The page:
So now to think about the bank and the choice of BMS.
@Louisvdw - can your driver can handle this as then become a way to add battery capacity from another source (sort of V2G compatibility).
I can picture your golf estates/etc being an option here as well as golf clubs who have huge battery banks (ok not always lithium) sitting in the garages just waiting… golf cart battery designers could also build this into their BMS choices.
There are many ways to skin this cat.
Do you want onboard PV, or do you want to plug the cart into an existing PV system?
The easiest is to have your PV system as is ( lithium batteries and all) and use a Victron 48V/48V converter charger to plug from the DC busbars to the lead acids in the golf cart.
This can change a Lithium voltage to a LA voltage.
(I don’t think Lithium batteries are the right choice for the golf cart onboard batteries. Stick with LAs in the cart).
Then use the existing PV system like a filling station.
(I have heard that an MPPT direct on the busbars ( instead of the PV) may work, but I have never tried this, and Victron doesn’t support it).
If you want to exchange the golf cart roof for PV, you need at least two panels in series to use a buck MPPT ( Not all golf carts can fit two panels.)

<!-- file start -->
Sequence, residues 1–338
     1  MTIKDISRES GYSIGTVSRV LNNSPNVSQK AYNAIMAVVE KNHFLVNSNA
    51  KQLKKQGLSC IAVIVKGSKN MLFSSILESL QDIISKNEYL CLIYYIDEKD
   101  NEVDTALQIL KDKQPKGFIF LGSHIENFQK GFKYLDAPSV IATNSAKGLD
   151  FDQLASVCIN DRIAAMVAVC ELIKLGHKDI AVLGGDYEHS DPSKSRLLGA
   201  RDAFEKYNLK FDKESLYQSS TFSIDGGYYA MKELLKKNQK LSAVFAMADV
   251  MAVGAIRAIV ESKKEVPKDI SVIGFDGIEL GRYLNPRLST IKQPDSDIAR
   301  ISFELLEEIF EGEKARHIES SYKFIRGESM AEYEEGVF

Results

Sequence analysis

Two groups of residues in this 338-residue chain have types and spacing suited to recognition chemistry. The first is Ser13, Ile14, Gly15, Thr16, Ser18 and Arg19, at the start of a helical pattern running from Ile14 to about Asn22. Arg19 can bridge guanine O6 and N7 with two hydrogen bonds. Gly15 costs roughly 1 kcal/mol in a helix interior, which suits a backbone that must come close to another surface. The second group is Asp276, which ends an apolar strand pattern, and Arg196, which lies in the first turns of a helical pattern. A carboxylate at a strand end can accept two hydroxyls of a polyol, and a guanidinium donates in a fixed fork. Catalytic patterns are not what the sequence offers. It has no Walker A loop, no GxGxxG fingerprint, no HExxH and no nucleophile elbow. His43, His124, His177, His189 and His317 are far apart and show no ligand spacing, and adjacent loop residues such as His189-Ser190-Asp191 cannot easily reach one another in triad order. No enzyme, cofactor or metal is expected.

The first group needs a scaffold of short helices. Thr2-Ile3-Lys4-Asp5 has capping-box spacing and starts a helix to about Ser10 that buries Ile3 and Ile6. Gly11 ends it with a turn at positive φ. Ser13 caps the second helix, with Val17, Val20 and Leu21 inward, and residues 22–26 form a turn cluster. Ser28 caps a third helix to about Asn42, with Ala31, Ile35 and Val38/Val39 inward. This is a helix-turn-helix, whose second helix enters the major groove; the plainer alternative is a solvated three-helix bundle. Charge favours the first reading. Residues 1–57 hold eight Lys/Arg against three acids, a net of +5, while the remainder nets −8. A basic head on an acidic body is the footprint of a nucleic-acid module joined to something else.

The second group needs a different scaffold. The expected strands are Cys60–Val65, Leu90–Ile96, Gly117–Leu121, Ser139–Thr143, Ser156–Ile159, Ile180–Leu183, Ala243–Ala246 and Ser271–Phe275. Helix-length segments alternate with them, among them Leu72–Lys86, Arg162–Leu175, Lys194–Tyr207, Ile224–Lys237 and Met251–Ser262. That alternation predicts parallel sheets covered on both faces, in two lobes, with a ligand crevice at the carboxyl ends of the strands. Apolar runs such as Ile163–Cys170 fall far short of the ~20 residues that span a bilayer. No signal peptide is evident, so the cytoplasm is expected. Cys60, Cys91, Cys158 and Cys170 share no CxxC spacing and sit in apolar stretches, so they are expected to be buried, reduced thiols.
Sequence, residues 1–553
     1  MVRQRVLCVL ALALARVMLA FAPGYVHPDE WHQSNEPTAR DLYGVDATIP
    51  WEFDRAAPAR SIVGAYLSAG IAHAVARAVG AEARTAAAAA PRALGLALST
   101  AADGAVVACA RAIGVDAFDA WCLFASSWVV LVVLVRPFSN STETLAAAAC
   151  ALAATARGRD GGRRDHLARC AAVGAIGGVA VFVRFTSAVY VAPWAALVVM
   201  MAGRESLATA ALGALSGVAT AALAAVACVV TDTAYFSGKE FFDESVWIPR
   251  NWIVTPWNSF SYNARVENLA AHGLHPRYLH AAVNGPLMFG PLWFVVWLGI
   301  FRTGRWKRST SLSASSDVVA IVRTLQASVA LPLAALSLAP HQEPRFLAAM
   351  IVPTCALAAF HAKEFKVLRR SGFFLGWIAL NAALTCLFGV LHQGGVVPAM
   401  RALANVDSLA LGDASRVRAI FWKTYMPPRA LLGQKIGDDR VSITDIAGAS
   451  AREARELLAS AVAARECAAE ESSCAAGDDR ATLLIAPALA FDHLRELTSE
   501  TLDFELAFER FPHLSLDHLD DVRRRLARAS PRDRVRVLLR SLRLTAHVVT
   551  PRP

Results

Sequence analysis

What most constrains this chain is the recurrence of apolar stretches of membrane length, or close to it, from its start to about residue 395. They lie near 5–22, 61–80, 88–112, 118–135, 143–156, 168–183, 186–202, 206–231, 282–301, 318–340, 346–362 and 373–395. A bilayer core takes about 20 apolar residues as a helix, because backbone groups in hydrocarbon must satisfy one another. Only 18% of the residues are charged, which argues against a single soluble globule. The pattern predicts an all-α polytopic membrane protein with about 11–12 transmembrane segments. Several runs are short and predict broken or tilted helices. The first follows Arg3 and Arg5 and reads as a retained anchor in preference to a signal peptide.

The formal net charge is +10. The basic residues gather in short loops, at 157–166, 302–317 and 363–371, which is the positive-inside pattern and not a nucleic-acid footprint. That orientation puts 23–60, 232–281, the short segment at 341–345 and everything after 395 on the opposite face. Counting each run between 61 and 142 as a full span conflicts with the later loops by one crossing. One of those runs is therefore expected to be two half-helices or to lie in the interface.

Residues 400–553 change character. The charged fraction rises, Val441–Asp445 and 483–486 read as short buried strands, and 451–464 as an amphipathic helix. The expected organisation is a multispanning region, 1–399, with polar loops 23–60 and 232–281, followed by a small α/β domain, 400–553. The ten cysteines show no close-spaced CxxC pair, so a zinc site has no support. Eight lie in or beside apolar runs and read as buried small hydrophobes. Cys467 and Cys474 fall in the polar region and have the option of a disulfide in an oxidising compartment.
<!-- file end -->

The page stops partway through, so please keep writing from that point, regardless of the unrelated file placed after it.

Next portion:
One panel can work with a boost MPPT. ( There are several youtube clips).
Anecdotally, onboard Lithiums have underwhelming golf cart performance (youtube references that I can no longer recall).
I believe this is because of the nature of their duty cycle vs this application.
LA’s can’t charge as fast as Lithiums, but LA’s seem to be able to deliver more torque amps when asked to.
So, the onboard lithium will have to have a high Ah battery rating, read expensive.
The golf cart’s duty cycle may take its toll on this lithium battery’s longevity, but YMMV.
I don’t think that relationship holds true. I think a new 150ah LA golf cart battery has about 650A cold cranking amps, which exceeds 2C on a 280Ah Lithium battery.
These are LAs that are specifically designed for golf cart duty.
From what I’ve seen anecdotally, Lithium is sluggish in a golf cart.
I don’t know if this statement will hold true if the battery is not designed for this application.
I do know it will be an expensive bet to lose.
Lithium makes a golf cart really fast to be honest. Makes it alot lighter and actually dangerously light. They have way more range and if you run a higher voltage then you can increase speed even more.
Price wise they are almost on par but chargers are expensive and so the “use solar from roof” idea.
I can see how they can be faster at a higher voltage and have more range. That would be in line with a higher-voltage Lithium bank.
By sluggish, I refer to torque and acceleration, not top speed and range.
0-35 in 12 secs is faster but still more sluggish than 0-30 in 5 secs.
This seems to be the outcome of some youtube clips I have seen, but I have no skin in the game. So experiment away.